Flavorwire has a gorgeous list of 30 amazing bookstore windows around the world. My favorite is the building front with authors’ faces, including Virginia Woolf’s, painted on it. RT
This recipe for crepes with caramelized apples and ricotta cheese looks decadent and I plan to make it soon. RT
Maureen Johnson brilliantly responds to David Gilmour’s assertion that he never teaches women writers-
“To which I say, okay, fine. I get it. Because I know your problem.
Literature is kind of full of assholes.
And that is okay. Some great books have been written by assholes. I am looking at my shelf and it is full of beloved books by known assholes, and that’s fine. Assholism is one of the most common afflictions of literature. Certainly literature and writing programs are full of them. They are like wildlife refuges for assholes.” RT
New Van Gogh Identified – A painting that sat for six decades in a Norwegian industrialist’s attic after he was told it was a fake Van Gogh was pronounced the real thing Monday, making it the first full-size canvas by the tortured Dutch artist to be discovered since 1928. RT Yahoo
This has been everywhere today, but is also the most joy-filled, magical, breathtaking celebration of the human body and the art of motion that I’ve seen in years. Photographer Jordan Matter crafted a stunning series of ballet dancers striking poses in mundane situations. Gorgeous and magical. RT Dancers Among Us
The Millions reviews J.M. Coetzee’s The Childhood of Jesus–
“That’s just gibberish. It doesn’t mean anything.”
“It does mean something. It means something to me.”
“That may be so but it doesn’t mean anything to me. Language has to mean something to me as well as to you, otherwise it doesn’t count as language.”
In a gesture that he must have picked up from Inés, the boy tosses his head dismissively. “La la fa fa yam ying! Look at me!”
He looks into the boy’s eyes. For the briefest of moments he sees something there. He has no name for it. It is like — that is what occurs to him in the moment. Like a fish that wriggles loose as you try to grasp it. But not like a fish — no, like like a fish. Or like like like a fish. On and on. Then the moment is over, and he is simply standing in silence, staring.
“Did you see?” says the boy. RT The Millions
Last but not least, on the tenth anniversary of The X-Files, Gillian Anderson writes the most adorable letter ever to the world, in which she thanks David Duchovny for wearing those speedos. RT Pajiba
What you’re left with is a funny film that never gets really funny. It’s fine, but not thrilling, the film version of eating at Chili’s. – FSR on “We’re the Millers”
Gratified to see that there’s a reason I don’t like Jonathan Franzen – “I think she was surprised that I wasn’t moaning with shock and pleasure,” Jonathan Franzen says of his phone call with Oprah Winfrey in Boris Kachka’s Hothouse, recently excerpted at Slate. “I’d been working nine years on the book and FSG had spent a year trying to make a best-seller of it. It was our thing. She was an interloper, coming late, and with an expectation of slavish gratitude and devotion for the favor she was bestowing.” -A Handy Guide to Why Jonathan Franzen Pisses You Off, RT Flavorwire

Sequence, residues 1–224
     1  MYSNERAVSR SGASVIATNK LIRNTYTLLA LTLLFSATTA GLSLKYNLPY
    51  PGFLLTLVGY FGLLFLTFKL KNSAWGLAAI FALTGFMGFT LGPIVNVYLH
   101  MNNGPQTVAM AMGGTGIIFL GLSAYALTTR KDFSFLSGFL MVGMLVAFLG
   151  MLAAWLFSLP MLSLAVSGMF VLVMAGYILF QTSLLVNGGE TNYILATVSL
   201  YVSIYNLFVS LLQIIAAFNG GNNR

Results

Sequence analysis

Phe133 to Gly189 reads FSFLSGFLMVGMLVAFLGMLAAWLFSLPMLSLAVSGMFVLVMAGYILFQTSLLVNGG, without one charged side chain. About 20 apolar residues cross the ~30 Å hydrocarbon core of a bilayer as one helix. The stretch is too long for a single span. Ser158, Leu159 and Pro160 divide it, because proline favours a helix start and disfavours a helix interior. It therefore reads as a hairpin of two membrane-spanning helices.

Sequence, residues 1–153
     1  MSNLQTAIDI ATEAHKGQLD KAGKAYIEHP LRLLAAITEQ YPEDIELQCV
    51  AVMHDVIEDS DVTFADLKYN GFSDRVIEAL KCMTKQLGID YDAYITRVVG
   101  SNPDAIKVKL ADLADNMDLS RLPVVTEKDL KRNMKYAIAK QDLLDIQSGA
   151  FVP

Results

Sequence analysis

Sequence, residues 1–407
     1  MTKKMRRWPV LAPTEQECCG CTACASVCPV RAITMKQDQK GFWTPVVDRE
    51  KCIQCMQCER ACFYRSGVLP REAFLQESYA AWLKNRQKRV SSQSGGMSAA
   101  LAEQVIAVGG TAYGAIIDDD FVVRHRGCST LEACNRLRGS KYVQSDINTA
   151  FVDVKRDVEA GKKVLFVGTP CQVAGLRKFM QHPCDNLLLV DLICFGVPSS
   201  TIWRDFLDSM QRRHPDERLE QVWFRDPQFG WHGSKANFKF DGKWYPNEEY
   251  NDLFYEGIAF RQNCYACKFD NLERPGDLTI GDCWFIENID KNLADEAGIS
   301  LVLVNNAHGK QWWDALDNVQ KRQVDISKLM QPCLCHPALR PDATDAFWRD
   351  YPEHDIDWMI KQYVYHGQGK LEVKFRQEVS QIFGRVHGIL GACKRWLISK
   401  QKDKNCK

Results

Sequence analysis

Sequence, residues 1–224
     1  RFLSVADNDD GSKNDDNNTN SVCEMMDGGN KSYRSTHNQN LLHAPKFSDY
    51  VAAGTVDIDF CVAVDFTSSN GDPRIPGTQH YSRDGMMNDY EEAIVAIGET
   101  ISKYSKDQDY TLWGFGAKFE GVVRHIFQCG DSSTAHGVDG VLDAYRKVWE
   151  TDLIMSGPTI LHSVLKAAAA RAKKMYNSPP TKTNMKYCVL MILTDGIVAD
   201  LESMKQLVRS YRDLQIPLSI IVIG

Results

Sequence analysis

“Creativity requires giving myself away. It involves nicking an artery somewhere and seeing what bleeds out, then using what’s there constructively and thoughtfully. In this way, creation is the very opposite of consumption; it’s a generous outward motion. There is no greed in it. It’s communication, born of a desire to participate in and engage with the world, instead of merely absorbing it.” – RT Lawless Gentile
Birchbox presents an incredibly helpful guide explaining what BB cream, CC cream, and the like are – “Unlike lipstick, which is meant to be seen, base makeup is supposed to be your invisible ally, masking imperfections, evening out skin tone, and creating a perfect canvas for the rest of your makeup—without anyone knowing it’s actually there. Since that’s easier said than done, we’ve created a coverage guide to help you choose which formula is right for you.” –The Base Makeup Coverage
Woot! No words to describe this awesome. “Good news for people who like to watch people other than white men host their evening news programs: PBS has grabbed Gwen Ifill and Judy Woodruff to co-host NewsHour, the channel’s long-running nightly news program. According to PBS, “This will mark the first time a network broadcast has had a female co-anchor team.” Bonus diversity points because one of them isn’t white!” – RT Jezebel
Middlemarch is full of delicious sentences.
“Souls have complexions too. What suits one may not suit another.”
“This hope was not unmixed with the glow of proud delight – the joyous maiden surprise that she was chosen by the man whom her admiration had chosen.”
Also, no-one can sum up a character quite as dismissively as the 19th-century Victorian writers.
“It was hardly a year since they had come to live at Tipton Grange with their uncle, a man of nearly sixty, of acquiescent temper, miscellaneous opinions, and uncertain vote.”